It’s a double-rainbow all the way across the country! (So intense!) Or at least it’s a two-way rainbow. In other words, it’s time for part fifteen of Michael Reads Percy Jackson: The Lightning Thief…
A God Buys Us Cheeseburgers
My first thought as I started reading: “Great, now I want a cheeseburger.” But I soon moved beyond that, because it turns out I get to meet another god. Yes, Ares has arrived. As usual, my interest in meeting Ares was two-fold: I just like when gods enter personally into any story, and I was eager to compare Riordan’s Ares with my own in Zeus Is Dead.
By the chapter title, I knew a god was coming in this chapter. Yet when the motorcycle pulled up, I first thought, “Oh, hey, it’s Poseidon!” It wasn’t until the god in question was further described that I remembered that Poseidon inventing the motorcycle is something I came up with for Zeus Is Dead rather than from mythological canon. (Poseidon gave the world horses, so it stands to reason that he’d eventually make “iron horses”/motorcycles, no?)
Riordan’s Ares is just a little different than mine: More sneer, less growl. More negotiating, less blustering. Slightly better grammar. Also this Ares is a little less thick-headed, but then ZID is a comedy, so playing Ares as a violent dimwit was useful for laughs. (One thing that is the same: Both have been having affairs with Aphrodite for the past 3,000 years, which is of course from the original mythology.) So he’s different, but I still like him. Or, rather, I like him as a character. I wouldn’t want to hang out with him.
Even so, when he offers Percy a quest in exchange for some help that the kid sorely needs and Percy scoffs, I had to scoff right back at Percy. Hasn’t Percy played any RPGs? (That’s role-playing games, not rocket-propelled grenades. Given Ares’s involvement I suppose that needs to be clarified…) You’ve got to XP-grind, kid! That’s just how this stuff works! Now go fetch the shield!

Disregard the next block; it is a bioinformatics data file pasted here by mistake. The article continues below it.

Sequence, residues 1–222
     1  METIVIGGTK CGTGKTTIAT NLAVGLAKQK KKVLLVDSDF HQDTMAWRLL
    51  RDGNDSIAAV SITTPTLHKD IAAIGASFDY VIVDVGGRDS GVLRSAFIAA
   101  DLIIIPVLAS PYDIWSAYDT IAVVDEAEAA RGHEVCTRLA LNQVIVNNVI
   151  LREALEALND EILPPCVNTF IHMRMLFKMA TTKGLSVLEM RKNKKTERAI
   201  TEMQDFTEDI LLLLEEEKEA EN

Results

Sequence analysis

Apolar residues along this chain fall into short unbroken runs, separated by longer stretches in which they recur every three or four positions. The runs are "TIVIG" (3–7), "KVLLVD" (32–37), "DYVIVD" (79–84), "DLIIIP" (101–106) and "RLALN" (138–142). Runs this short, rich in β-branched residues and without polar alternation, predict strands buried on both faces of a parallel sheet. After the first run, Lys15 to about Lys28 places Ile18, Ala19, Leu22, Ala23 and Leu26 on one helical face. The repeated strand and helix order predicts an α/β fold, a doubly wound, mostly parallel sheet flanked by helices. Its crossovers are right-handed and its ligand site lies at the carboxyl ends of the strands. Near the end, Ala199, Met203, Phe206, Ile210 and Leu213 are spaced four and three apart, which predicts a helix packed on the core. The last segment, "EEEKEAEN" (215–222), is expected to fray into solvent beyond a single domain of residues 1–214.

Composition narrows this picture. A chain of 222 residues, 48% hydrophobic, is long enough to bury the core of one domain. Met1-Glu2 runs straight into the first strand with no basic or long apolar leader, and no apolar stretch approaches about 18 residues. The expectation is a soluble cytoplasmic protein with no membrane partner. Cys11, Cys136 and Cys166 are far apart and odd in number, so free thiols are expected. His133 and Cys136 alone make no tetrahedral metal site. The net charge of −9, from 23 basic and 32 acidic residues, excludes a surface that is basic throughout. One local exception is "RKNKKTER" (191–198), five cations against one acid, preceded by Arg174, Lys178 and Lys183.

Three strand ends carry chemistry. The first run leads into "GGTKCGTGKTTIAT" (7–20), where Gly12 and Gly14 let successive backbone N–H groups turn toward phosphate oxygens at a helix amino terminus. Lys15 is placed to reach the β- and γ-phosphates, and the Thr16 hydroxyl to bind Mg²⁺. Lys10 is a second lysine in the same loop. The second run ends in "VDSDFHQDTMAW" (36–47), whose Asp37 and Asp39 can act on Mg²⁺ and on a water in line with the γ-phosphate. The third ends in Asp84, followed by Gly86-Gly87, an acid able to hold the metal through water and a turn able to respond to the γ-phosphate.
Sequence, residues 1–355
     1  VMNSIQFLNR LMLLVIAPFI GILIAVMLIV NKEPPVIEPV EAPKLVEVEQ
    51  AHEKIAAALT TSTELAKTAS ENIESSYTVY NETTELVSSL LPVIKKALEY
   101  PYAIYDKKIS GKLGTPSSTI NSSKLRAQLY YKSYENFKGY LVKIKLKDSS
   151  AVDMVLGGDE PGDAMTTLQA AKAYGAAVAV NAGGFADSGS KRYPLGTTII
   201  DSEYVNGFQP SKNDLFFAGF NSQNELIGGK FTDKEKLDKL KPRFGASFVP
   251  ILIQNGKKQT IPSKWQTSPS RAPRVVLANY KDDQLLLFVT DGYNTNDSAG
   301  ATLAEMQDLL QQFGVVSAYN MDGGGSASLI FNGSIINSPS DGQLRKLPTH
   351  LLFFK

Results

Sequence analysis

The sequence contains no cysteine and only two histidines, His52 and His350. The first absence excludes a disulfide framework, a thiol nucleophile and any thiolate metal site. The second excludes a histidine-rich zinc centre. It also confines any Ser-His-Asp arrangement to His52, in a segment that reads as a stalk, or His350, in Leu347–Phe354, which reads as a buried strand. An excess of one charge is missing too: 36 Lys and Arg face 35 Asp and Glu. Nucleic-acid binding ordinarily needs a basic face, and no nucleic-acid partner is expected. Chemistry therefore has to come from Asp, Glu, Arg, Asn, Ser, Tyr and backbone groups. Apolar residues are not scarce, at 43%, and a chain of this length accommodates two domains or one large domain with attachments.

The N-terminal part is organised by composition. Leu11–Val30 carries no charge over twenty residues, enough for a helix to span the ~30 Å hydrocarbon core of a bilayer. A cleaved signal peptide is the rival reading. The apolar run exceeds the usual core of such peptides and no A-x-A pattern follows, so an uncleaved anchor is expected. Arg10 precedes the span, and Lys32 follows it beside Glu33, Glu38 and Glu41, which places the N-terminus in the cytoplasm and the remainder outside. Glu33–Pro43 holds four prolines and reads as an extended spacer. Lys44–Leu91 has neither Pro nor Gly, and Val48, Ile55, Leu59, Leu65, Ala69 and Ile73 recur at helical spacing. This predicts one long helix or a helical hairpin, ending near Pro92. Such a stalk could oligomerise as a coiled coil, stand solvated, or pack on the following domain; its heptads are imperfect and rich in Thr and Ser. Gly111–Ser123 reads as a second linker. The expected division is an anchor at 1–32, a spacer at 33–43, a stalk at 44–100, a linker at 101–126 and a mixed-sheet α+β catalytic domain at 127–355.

At first I thought that his resistance was just due to increased aggression from being in close proximity to Ares, but then Ares left and Percy still refused. Fortunately, he came around. I mean, sure, obvious trap, but when looking for divine allies, that’s the chance you’ve got to take. The abandoned water park was a fun scene. I especially liked that Hephaestus’s trap involved robots, television broadcasts, and other modern elements.
Oh, I haven’t even mentioned the rainbow messages. Riordan balances the ancient Greek magical concept of sending a message via rainbow (or, rather, the Iris, the messenger goddess of rainbows) with creating such a rainbow in a car wash.
They use this method to check in with Chiron, but wind up talking to Luke, who reaffirms the theory that the lightning thief has to be Hades. But you know what? The more people insist that it HAS to be Hades, the more I begin to suspect that it’s not. It doesn’t help that it’s Luke who says it, as I still don’t trust Luke due to my own theory about him being the eventual betrayer. He was really interested in knowing if Percy was using the winged boots, wasn’t he?
Speaking of that whole Hades theory, now we’ve got this quote from Ares:
“Framing somebody to start a war. Oldest trick in the book.”
As soon as Ares said that in the diner I wondered how likely it is that Ares actually stole the lightning, and that he’s framing someone for framing someone to start a war. Ares was sent to find the lightning and failed. Perhaps that’s because he didn’t want to find it? I know, I know, I’m a very suspicious individual.
- Riordan’s characterization of Hephaestus’s is different from mine, too. Heph doesn’t have more than a couple of lines in ZID, but I wrote him as so in love with Aphrodite that he’s forgiven the affair, and still dotes on her. (I think she cares about him, too, but that doesn’t stop her from having the affair.) I’m not actually sure if he’s aware they’re still running around behind his back or not.
My favorite line from this chapter is a great bit of characterization that’s quite on target, so far as I’m concerned:
“While Ares and Aphrodite were smooching with each other they could look at their favorite people: themselves.”
Well put. 😀
For those of you reading along with me, who do YOU think stole the lightning? Or for those who’ve already read it, do you recall what your theories were at this point in the book when you first experienced it? Tell me in the comments!
As always, no spoilers please!